The Prestige is not like any movie you’ve ever seen or ever will see. It’s a difficult movie to describe without ruining and… you do not want it to be ruined. Trust me. I initially watched it because it was Christopher Nolan and Michael Caine but I ended up falling for it in a variety of ways. At its most basic level, this film is about magic. No, not the elves and fairies and Lord of the Rings-style stuff, but the rabbit-out-of-a-hat, card trick, Houdini-style stuff. And please, no associations that with that wanna-be hack “magician” Criss Angel: he’s taking up precious oxygen on this planet when it comes to magic craft.
The Prestige tells the story of two 19th century magicians: Robert Angier (Hugh Jackman) and Alfred Borden (Christian Bale). Assistants for a higher-ranked magician at first, something goes wrong during a trick, and Angier’s wife Julia (Piper Perabo) is accidentally killed. Angier blames Borden for her death and, as they say, “there goes the act.” The two men end up as top performers in their field, going out on their own. Due to this incident and what appears to be a toxic mix of ego, desire for revenge and the need to prove who is the greater “man of magic,” Angier and Borden spend the next few years trying to “one-up” each other. This journey ends up involving Nikola Tesla, prison sentences, murder raps and the devastation of many people’s lives, most notably their own.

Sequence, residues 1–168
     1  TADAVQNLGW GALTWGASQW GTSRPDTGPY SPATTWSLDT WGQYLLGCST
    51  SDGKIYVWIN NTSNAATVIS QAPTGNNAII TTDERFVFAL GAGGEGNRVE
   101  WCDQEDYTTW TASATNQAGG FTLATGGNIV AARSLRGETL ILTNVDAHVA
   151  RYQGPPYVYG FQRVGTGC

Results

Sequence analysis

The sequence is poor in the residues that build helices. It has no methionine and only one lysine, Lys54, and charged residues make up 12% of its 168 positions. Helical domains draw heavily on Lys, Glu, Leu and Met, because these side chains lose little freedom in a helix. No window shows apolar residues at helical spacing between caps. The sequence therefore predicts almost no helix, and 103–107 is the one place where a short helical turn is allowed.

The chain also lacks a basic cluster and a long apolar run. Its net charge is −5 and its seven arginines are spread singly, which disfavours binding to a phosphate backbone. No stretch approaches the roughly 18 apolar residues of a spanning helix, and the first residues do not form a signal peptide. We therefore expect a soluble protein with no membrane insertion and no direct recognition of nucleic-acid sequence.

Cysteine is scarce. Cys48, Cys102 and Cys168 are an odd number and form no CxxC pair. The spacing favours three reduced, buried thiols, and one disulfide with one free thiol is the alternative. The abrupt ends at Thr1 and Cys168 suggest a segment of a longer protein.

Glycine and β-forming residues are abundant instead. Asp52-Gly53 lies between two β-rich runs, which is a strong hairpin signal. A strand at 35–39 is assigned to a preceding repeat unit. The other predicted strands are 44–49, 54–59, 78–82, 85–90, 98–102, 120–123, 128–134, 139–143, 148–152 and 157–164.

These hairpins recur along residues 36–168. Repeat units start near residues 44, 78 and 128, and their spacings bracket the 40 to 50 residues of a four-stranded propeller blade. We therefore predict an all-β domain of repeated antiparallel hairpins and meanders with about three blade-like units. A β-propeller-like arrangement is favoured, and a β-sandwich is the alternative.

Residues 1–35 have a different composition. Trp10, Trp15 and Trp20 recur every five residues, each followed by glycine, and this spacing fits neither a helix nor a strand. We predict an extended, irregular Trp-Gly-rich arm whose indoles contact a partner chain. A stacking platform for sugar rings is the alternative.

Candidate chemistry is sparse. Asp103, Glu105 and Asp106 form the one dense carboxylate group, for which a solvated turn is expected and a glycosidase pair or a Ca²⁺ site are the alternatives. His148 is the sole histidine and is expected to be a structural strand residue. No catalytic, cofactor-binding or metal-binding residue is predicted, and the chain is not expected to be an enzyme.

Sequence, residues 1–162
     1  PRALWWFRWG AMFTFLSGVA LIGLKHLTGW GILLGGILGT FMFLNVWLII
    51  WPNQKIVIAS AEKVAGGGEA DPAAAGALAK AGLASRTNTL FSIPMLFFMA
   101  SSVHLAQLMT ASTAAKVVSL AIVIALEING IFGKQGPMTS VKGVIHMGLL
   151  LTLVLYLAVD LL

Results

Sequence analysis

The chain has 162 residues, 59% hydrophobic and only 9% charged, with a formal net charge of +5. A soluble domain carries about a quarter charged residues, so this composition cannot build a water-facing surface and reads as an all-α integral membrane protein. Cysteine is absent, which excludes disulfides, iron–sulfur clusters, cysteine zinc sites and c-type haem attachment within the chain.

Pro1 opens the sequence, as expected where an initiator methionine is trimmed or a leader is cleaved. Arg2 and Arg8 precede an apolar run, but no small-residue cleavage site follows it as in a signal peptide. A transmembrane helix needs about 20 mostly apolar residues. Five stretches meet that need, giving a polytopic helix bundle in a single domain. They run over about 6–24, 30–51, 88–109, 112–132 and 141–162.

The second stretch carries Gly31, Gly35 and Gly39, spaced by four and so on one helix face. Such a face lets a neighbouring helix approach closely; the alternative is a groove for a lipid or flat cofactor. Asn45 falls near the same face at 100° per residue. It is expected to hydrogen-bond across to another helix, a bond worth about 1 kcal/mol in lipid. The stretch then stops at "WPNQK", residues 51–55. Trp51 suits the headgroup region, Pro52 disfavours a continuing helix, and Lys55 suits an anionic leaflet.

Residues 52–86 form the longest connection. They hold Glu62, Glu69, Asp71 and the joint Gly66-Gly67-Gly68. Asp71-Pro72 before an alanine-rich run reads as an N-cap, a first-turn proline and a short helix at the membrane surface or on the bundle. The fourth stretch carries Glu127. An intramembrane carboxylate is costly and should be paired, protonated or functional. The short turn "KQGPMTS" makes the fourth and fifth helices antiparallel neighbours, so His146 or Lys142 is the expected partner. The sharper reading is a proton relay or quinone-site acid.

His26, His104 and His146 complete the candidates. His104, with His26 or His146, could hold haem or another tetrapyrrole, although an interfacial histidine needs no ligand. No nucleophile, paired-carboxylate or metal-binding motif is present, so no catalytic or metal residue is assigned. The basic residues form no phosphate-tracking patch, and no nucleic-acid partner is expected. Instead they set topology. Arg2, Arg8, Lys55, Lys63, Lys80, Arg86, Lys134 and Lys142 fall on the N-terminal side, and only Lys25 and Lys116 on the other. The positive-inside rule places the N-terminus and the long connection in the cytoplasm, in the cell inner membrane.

In many ways, The Prestige is about trying to regain something that is lost. Whether it is simple pride in being the best magician or a sense of worth and power over the man who accidentally caused the death of the woman who gave meaning to your life, the sense of wanting to retrieve that feeling through causing a rival to fail is potent and present within this film. The many situations in which Borden disguises himself to spy on Angier’s show to see “how he’s doing” and the many times in which Angier does the same is a perfect example of the lengths that these men will go to in order to get one over on the other. And yet each time they go to the other man’s show, they make themselves known in the final stage. In a sense, when they perform their “spy missions” they are, in fact, performing the three stages of a magic trick. In the very first few minutes of the film, Cutter (Michael Caine), the magician’s assistant, discusses that a magic trick is made out of three parts. In his voiceover Cutter explains…
“Every great magic trick consists of three parts or acts. The first part is called ‘The Pledge.’ The magician shows you something ordinary: a deck of cards, a bird or a man. He shows you this object. Perhaps he asks you to inspect it to see if it is indeed real, unaltered, normal. But of course… it probably isn't. The second act is called ‘The Turn.’ The magician takes the ordinary something and makes it do something extraordinary. Now you're looking for the secret… but you won't find it, because of course you're not really looking. You don't really want to know. You want to be fooled. But you wouldn't clap yet. Because making something disappear isn't enough; you have to bring it back. That's why every magic trick has a third act, the hardest part, the part we call ‘The Prestige.’"